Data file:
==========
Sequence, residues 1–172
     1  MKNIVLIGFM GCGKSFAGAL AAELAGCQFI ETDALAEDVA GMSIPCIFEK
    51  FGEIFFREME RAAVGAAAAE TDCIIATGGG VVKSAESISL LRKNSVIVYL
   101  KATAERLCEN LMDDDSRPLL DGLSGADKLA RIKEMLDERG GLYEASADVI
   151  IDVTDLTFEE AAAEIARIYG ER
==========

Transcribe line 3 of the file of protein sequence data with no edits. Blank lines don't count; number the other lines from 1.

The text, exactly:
    51  FGEIFFREME RAAVGAAAAE TDCIIATGGG VVKSAESISL LRKNSVIVYL